T.J. SIMERS

Jim and Shannon Mora make a difference in children's lives

UCLA football coach and his wife are launching a foundation in Los Angeles, just as they have done in other cities.

We agreed to meet at the Kettle in Manhattan Beach.

I arrived early so I could remove the knives from the table.

I had never met Shannon Mora, but she's the wife of UCLA football Coach Jim Mora so I could only imagine.

First thing I wanted to know: "Are you forced to put everything in the form of a question at home?"

"No, I comment, make statements and question," Shannon said.

"He doesn't allow me to do that," I explained.

"But you're not sleeping with him," she said, and I guess I had just never given any thought that someone did.

We laughed because we share something in common: We both like Jim Mora. Shocking, I know, but she said she does.

"Jim and I dated for 10 years," Shannon said, and I told her I wasn't surprised it took so long to warm to him.

They've been married 22 years, she guessed, maintaining it's Jim's job to count the years. It's just more natural for the scoreboard watcher to keep track.

I go back 27 years with Mora to when he wasn't married, worked for the Chargers, was fun-loving and nothing like the starched shirt he is behind a microphone now.

I said I found her husband a worthy sparring partner.

"I know this," she said. "No matter how it goes, he doesn't come home and kick the dog."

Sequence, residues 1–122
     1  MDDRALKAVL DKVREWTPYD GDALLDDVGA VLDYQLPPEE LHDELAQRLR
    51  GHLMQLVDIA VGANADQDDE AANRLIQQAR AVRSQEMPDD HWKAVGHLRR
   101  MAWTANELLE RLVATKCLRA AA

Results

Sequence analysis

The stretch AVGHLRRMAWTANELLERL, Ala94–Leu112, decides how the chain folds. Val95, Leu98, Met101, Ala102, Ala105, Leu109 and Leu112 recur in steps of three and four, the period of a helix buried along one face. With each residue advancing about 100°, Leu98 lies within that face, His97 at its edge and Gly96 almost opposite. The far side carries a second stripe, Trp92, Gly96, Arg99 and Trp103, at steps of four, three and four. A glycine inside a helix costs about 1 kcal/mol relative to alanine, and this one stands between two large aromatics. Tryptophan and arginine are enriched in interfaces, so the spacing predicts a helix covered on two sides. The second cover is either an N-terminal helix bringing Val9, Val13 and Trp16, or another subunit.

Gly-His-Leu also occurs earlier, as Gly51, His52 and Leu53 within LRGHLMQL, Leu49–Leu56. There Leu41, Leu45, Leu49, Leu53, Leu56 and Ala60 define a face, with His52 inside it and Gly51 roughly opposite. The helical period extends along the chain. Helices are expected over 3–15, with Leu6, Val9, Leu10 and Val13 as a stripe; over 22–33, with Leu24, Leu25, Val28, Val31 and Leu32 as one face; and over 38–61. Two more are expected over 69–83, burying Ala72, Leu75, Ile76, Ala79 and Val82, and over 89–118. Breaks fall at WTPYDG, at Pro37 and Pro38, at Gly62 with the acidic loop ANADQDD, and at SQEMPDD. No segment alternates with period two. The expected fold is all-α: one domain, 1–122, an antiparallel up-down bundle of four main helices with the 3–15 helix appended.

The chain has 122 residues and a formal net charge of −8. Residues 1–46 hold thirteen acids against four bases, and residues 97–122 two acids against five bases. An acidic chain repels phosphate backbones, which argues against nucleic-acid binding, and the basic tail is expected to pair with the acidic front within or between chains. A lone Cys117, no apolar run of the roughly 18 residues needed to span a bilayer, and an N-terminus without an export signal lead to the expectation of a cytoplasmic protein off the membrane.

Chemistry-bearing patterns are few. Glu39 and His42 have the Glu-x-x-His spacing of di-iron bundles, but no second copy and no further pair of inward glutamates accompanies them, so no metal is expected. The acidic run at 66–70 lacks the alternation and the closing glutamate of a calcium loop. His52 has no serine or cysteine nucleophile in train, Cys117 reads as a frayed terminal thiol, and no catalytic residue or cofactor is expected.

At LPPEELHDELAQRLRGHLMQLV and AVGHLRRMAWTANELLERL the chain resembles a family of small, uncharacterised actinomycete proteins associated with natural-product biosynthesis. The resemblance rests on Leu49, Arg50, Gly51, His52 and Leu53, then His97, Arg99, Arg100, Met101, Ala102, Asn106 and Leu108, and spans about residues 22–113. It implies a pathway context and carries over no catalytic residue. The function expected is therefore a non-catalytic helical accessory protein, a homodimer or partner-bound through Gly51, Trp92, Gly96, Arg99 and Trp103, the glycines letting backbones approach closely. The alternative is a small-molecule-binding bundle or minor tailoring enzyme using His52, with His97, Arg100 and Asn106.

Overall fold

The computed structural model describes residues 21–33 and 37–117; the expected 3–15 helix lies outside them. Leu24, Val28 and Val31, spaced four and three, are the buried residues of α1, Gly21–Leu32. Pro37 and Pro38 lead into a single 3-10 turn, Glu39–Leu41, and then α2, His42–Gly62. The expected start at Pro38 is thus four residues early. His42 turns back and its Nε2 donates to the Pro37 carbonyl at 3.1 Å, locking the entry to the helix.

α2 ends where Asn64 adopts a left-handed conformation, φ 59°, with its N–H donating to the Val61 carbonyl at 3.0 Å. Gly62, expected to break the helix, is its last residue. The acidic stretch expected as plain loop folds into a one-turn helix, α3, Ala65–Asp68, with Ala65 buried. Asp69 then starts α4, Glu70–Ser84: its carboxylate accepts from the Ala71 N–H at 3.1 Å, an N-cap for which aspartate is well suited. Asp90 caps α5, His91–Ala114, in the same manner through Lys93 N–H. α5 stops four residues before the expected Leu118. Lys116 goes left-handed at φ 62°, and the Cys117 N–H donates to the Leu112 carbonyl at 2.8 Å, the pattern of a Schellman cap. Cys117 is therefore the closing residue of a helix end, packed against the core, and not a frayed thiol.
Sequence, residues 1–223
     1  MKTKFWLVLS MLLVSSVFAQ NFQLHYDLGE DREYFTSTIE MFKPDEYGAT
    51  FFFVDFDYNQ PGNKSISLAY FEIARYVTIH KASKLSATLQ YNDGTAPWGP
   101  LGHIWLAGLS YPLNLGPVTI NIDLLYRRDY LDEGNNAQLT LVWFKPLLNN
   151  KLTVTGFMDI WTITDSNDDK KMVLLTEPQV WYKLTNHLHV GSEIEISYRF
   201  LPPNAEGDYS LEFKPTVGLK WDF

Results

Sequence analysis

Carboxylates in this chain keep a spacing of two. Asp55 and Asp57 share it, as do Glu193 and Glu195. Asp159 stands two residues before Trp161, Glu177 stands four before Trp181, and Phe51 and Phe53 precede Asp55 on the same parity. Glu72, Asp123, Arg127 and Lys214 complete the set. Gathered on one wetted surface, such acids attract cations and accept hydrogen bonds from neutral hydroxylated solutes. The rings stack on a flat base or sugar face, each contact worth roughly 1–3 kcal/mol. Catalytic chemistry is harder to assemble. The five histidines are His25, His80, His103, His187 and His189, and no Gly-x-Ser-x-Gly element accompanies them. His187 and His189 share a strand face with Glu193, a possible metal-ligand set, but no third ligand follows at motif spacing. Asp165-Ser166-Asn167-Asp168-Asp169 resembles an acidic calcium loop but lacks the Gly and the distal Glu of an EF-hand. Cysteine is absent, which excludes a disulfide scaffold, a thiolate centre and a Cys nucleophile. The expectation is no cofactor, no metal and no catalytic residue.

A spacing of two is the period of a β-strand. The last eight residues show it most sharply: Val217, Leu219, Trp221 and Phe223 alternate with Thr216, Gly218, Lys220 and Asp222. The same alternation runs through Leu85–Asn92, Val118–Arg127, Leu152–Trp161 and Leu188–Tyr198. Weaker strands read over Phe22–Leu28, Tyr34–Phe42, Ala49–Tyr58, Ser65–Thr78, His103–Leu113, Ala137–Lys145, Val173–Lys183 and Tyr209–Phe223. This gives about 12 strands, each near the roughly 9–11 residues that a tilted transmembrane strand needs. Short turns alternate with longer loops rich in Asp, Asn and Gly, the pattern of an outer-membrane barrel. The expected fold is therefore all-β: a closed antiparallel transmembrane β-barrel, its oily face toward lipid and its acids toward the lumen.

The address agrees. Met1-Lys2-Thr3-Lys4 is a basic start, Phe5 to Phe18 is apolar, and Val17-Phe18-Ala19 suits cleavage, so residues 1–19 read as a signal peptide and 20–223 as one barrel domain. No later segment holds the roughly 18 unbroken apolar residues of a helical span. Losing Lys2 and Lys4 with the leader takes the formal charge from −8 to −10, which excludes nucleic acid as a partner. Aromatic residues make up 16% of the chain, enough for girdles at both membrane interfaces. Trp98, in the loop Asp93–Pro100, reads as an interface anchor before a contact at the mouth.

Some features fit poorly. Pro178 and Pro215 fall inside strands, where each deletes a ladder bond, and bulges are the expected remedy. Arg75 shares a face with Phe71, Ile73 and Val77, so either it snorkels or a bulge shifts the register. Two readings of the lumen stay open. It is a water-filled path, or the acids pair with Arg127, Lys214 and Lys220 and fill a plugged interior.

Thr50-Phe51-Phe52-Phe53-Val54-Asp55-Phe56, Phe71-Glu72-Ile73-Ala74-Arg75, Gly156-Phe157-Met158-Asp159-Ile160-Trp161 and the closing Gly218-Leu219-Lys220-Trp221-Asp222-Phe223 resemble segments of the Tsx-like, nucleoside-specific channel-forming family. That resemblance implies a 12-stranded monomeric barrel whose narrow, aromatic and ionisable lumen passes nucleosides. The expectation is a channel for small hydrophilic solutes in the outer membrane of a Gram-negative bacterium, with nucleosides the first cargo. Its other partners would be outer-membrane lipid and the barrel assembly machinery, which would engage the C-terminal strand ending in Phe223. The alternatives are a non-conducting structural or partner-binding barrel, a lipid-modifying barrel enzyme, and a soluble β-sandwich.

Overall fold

"Do you own a dog?" I said.

"No," she said.

Later we would argue about what it takes to be a coach and she explained how some people could become better sports columnists. I got the impression as she took over the conversation that if she told her husband to go over the wall at practice he would.

But, like her husband, she was also just busting with energy and a passion to make a difference. And I got the impression it would be best if I did not interrupt.

"We want to better the lives of children in need and empower them to reach their dreams," she gushed, and gushed really didn't cover her enthusiasm.

A moment later she was choking up as she talked about a young girl fighting cancer who had plans of going to her prom if only she had an appropriate dress.

"We were working on the dress, but she didn't make it," Shannon said. "I don't cry, I really don't. But do you know what it's like to make a difference in a child's life?"

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